Lack of state funding forces teachers to look elsewhere for mone - Quincy News, Weather, Sports, and Radio

Lack of state funding forces teachers to look elsewhere for money

QUINCY, Ill. (WGEM) - Smart boards, iPads and laptops are in many Illinois classrooms, but local teachers say a lack of state funding makes it harder to pay for the new technology.

Local teachers are coming up with some pretty creative ways to bring technology to the classroom.

A teacher at Washington Elementary was able to get a new iPad this week after convincing a private donor to pay for it. Creative funding efforts like that are happening all across the district.

There's no state money to pay for Smart boards like the ones at Monroe Elementary school. Principal Brian Trowbridge said they're having to rely on the community to pay for technology.

"When it comes to the finances that we're awarded by the state, those aren't things we as a school can control," said Trowbridge.
On Tuesday, Monroe Elementary got $8,000 from Gem City Ford in Quincy following a test drive fundraiser. That money will buy two Smart boards and eight iPads for students.

"It gives them another opportunity to be hands-on with the learning process," Trowbridge said. "There's a lot of neat things to bring into the classroom with this type of technology."

Monroe isn't the only school looking for outside help. Tori Campbell, a kindergarten teacher at Washington Elementary, got a new iPad after raising the money on, a website where teachers post requests for classroom supplies or tools and then donors pay for them. The Horace Mann Companies and local agent Colin Ash fully-funded Campbell's project at a total of $517 as part of a campaign to fund projects in high-poverty schools.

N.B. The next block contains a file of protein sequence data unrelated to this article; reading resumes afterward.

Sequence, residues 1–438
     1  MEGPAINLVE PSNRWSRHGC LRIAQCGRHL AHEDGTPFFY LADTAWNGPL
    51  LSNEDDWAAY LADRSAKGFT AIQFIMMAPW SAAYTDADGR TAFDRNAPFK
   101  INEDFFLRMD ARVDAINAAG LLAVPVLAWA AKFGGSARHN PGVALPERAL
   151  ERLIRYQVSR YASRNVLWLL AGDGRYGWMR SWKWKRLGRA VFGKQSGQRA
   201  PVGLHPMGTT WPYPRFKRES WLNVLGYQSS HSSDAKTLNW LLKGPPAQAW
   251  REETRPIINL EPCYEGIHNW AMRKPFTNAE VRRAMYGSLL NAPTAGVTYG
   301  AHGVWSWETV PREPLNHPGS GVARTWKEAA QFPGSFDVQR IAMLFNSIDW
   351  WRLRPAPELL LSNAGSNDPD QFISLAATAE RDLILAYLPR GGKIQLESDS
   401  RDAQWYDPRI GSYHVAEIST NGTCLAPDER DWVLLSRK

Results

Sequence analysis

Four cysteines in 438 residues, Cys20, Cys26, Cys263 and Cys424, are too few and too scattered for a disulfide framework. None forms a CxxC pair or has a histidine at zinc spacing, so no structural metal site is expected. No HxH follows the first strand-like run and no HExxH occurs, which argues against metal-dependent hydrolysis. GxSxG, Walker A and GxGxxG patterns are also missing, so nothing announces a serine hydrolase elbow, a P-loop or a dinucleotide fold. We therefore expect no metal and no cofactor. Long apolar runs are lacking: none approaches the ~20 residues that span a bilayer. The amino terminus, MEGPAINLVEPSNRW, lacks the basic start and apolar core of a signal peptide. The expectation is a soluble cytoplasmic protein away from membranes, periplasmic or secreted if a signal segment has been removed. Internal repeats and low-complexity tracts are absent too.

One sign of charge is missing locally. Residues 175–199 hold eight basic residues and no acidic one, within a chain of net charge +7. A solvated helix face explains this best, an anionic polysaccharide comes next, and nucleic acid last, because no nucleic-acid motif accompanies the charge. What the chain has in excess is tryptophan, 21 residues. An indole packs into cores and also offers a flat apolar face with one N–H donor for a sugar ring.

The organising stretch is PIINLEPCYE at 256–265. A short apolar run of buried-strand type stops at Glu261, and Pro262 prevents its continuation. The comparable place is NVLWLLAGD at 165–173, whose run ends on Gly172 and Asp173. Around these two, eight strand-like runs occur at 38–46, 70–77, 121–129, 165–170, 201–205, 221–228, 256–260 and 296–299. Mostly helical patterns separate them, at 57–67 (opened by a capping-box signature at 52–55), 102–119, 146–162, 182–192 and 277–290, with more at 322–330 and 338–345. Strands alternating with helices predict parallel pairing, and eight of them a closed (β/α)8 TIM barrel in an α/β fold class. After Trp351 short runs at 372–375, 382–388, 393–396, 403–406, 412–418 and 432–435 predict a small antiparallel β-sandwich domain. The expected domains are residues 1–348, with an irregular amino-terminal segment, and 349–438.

"They're learning beginning sounds, they're learning literacy concepts, math concepts," Campbell said. "I can get science apps. I can get such a vast array to really compliment what I'm already teaching in my core."

With the addition of a new iPad, Campbell said her students will be more prepared for the future.

"Before long they're going to be doing testing and things on computers and these kids they have got to be able to have it in their hands now so they can learn and be confident in using it," Campbell said.

Schools are also sending students door-to-door fundraising more than ever before. You can expect to see candy bars, wrapping paper and popcorn for sale soon.

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